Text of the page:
By Rob Tornoe
Editor and Publisher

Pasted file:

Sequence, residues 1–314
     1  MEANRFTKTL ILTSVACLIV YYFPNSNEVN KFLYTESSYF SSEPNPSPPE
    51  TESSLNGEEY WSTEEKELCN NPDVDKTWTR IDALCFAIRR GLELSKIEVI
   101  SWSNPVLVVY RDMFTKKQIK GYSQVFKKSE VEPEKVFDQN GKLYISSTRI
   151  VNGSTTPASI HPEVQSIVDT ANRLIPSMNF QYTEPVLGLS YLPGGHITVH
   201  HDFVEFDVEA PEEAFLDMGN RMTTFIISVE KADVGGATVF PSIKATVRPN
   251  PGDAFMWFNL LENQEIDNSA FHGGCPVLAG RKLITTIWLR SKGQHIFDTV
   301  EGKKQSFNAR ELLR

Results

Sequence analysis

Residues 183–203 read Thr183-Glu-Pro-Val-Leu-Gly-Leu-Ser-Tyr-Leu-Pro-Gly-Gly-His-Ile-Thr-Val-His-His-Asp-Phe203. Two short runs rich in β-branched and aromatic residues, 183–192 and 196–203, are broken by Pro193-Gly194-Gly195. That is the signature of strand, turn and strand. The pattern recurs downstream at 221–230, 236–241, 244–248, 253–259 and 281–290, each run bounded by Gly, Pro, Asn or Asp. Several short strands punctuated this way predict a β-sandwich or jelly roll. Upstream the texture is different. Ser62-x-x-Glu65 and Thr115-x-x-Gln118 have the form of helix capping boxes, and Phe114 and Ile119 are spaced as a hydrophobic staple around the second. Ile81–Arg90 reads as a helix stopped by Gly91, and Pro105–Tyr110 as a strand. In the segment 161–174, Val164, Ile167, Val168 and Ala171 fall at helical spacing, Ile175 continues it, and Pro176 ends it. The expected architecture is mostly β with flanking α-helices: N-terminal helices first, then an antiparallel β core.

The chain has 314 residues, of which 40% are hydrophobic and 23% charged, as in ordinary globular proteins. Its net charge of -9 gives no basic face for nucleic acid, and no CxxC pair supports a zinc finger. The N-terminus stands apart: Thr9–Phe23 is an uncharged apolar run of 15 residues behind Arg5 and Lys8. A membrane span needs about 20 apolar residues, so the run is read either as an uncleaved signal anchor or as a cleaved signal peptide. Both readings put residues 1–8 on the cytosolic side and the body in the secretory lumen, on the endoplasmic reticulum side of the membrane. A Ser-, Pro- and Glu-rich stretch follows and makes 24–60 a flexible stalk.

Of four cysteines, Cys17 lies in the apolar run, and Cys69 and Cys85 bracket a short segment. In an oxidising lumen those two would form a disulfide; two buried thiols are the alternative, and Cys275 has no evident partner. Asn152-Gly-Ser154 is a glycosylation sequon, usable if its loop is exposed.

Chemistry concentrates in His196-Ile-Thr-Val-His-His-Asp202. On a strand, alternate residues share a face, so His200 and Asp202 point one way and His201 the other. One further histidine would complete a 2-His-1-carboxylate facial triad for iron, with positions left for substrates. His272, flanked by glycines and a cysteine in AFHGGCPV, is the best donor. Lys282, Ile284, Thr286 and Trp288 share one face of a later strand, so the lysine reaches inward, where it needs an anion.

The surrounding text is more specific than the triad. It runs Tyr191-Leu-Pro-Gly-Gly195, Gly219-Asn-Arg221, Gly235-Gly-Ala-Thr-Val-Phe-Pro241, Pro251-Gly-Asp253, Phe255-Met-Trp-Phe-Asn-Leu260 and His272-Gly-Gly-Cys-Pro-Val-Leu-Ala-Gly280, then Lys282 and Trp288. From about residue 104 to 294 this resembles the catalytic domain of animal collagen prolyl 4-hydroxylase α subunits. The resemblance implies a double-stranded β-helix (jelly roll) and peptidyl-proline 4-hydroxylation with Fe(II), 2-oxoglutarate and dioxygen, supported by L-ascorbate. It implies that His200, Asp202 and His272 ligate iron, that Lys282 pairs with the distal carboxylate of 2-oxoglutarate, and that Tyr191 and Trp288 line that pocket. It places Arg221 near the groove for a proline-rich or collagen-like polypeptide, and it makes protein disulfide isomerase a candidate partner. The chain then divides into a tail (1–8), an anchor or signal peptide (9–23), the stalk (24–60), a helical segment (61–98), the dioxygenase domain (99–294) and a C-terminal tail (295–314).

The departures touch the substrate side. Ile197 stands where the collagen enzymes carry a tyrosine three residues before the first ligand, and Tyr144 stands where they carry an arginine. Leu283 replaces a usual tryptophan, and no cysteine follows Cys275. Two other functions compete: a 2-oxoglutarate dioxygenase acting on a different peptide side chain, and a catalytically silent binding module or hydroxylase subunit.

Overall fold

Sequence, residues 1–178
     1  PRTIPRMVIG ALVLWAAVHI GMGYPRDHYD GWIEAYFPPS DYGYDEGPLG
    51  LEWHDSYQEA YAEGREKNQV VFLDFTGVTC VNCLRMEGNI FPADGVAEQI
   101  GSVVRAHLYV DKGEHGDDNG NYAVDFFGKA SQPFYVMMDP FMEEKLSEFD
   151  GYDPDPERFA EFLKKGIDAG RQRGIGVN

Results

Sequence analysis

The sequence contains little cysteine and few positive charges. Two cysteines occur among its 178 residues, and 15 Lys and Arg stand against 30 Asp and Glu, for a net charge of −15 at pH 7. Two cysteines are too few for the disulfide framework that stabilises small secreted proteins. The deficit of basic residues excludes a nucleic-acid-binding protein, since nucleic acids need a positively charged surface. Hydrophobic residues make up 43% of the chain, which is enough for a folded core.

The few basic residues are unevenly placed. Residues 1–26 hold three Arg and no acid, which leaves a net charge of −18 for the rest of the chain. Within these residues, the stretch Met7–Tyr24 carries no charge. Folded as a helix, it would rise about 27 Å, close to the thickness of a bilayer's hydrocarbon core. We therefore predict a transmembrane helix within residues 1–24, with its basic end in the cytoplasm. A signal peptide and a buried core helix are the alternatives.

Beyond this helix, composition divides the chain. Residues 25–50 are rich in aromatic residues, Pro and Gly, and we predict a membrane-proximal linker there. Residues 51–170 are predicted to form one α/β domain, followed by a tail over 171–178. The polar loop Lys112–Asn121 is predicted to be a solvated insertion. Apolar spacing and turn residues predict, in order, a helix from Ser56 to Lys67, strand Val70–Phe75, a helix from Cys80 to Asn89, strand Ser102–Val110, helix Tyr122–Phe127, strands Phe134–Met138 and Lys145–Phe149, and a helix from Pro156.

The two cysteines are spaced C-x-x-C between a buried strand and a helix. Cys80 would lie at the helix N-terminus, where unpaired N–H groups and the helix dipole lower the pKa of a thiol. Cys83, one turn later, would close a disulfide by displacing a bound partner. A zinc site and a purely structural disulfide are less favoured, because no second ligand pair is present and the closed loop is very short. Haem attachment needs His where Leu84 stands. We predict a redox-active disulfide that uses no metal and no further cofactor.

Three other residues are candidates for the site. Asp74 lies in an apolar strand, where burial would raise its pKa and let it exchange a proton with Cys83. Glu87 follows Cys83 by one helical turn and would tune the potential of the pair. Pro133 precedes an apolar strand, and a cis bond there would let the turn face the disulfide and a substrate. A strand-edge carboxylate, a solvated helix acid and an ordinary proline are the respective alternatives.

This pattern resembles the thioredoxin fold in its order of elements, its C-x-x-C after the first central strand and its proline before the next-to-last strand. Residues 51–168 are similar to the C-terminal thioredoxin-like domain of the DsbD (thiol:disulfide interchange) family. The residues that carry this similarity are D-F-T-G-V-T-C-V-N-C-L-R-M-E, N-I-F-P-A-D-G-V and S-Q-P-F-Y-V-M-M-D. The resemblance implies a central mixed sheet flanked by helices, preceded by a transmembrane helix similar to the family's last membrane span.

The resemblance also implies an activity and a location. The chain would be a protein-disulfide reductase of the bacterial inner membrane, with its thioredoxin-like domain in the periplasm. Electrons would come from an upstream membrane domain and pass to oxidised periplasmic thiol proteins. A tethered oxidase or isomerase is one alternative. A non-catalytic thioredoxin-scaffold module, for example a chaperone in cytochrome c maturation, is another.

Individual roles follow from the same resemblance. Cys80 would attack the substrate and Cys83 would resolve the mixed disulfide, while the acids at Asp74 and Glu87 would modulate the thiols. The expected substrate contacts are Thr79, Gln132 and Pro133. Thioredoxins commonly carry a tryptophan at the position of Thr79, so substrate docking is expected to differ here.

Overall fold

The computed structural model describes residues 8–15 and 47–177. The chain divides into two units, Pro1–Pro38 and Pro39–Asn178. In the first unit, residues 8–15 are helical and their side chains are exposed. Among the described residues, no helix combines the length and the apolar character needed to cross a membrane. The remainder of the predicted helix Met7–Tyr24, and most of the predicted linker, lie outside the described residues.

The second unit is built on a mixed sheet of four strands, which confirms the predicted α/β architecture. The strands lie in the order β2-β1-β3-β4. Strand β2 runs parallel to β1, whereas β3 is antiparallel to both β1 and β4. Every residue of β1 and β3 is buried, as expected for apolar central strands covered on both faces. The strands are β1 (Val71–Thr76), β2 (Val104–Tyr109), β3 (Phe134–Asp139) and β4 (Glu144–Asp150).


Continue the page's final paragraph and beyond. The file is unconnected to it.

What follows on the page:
The great and horrible Twitter As Boston Globe Celtics writer Adam Himmelsbach summed up about as perfectly as anyone can, “Twitter is at once so great and so horrible.” Ignore Elon Musk for a moment. Twitter remains a powerful tool for journalism, especially when it comes to breaking news. Following the right experts or local voices can enhance your beat reporting, while sports reporters can create a devoted following of new consumers by sharing mini-scoops and observations about a team or player. Summarizing your news reports with Twitter threads can simultaneously enhance its reach and increase engagement. Through it all, it can be difficult to remember we’re not writing for Twitter and the dopamine hit that comes when one of our stories starts racking up retweets. In reality, the audience for our reporting on Twitter is shockingly small. How small? According to a recent Pew Research Center survey, just 13% of adults in the U.S. regularly get their news from Twitter, trailing both Facebook and Youtube. In fact, more than three-quarters of adults online don’t even use Twitter, making it the least popular among all the major social media networks, including Linkedin. Yet nearly 70% of U.S. journalists told Pew that Twitter is the social media site they use most or second most in their job. For younger journalists between the ages of 18 to 29, that number jumps to 83%. According to the survey, journalists use Twitter more often than Facebook, and they use it more than Instagram, Linkedin and Youtube combined. The other sites mentioned in the Pew survey — Reddit, Whatsapp, Tiktok, Discord, Twitch and Snapchat — were remote afterthoughts when it comes to daily journalism. So, if just a fraction of adults regularly use Twitter to consume news, who is actually using the platform? As you’d expect, in addition to journalists, politicians, organizations and PR companies often have the resources to commit to spending time on a platform that isn’t paying them directly. And unwittingly, journalists have somehow normalized and legitimized Twitter as a news source by embedding tweets indirectly into stories, presenting them as content and not sources that need to be verified and placed in the proper context. In a 2021 study of more than 23,000 articles, two media experts — Logan Molyneux, an assistant professor in journalism at Temple University’s Klein College of Media and Communication, and Shannon Mcgregor, an assistant professor at the Hussman School of Journalism and Media — concluded that comments on Twitter are routinely taken at face value by journalists and placed into stories with no further context. “This sends repeated messages to audiences that information on Twitter is legitimate and authoritative, granting Twitter power,” Molyneux and Mcgregor wrote in Niemanlab. This Twitter shift was cited recently by New York Times executive editor Dean Baquet as one of the reasons the news organization issued new guidelines on how its journalists should use the social media platform. In a memo to staffers, Baquet — who has tweeted a grand total of two times since joining Twitter in 2011 — said reporters “can rely too much on Twitter as a reporting or feedback tool” and “can be overly focused on how Twitter will react” to their reporting. “Twitter has tremendous value. We have readers there; we have people we want to hear,” Baquet said in an April interview with Niemanlab’s Joshua Benton. “I thought it became outsized in its influence. I thought that some journalists were, you know, looking to Twitter for validation of their coverage. And I think that gave Twitter more power than, frankly, it deserved.” In recent months, the tendency to lean on Twitter for sourcing and the ever-quickening pace of breaking news has led to some embarrassing failures of journalism at the hands of the aptly-named Twitter-parody site, Ballsack Sports. As Sports Illustrated’s Ben Pickman explained in a recent story, Ballsack Sports shares “egregiously fake NBA news” to its over 180,000 Twitter followers in the form of quotes attributed to longer interviews by legitimate organizations. In interviews, the account’s anonymous founder (a 20-something from Akron, Ohio named Matt) has claimed he intended to show how easy it is to spread misinformation online, especially on social media. In a media ecosystem that often relies on quotes aggregated from larger national news organizations, the fake quotes displayed in well-designed graphics have been highly successful at exposing the rush to publish. Recently, ESPN fell for a fake quote by Memphis Grizzlies star Ja Morant about NBA legend Michael Jordan. On a slow news day, the quote made it into a segment on ESPN’S daytime programming and was debated by fillin host David Jacoby and NBA insider Kendrick Perkins. And it’s not the first time an ESPN personality has taken fake content from Ballsack Sports at face value. “Thousands of people falling daily for fake athlete quotes posted by an account called ‘Ballsack Sports’ does not inspire great confidence in society’s capacity to deal with political misinformation,” CNN fact-checker Daniel Dale noted — where else? — on Twitter. Obviously, reporters are human, and we all make mistakes. And every news cycle finds some bad actor impersonating sports news breakers like ESPN’S Adrian Wojnarowski or the NFL Network’s Ian Rapoport on Twitter. The point here isn’t to shame anyone but to point out the cost-benefit of leaning on Twitter to inform your news reporting. So, what can we do as journalists? Well, if we’re going to use comments on Twitter in our stories, at the bare minimum, we should place them in context, identify the writer and mention why they are relevant to the story at hand. You might also want to think twice about embedding tweets with quotes that end up in your story unless the visual or the comment itself is central to your piece. In breaking news situations, if you’re looking to verify or debunk a particular tweet in your community that’s gone viral, you could turn to a tool like Foller.me. The free Twitter analytics tool offers a host of data and information on a particular account’s content and trends and makes it easy to identify a bot or bad actor. Other tools, like Amnesty International’s Youtube Data viewer or Tineye, can help verify the authenticity of videos and images. But Baquet’s advice is probably the best — we can all stand to spend a little less time on Twitter. Especially since most of our readers aren’t there, anyway.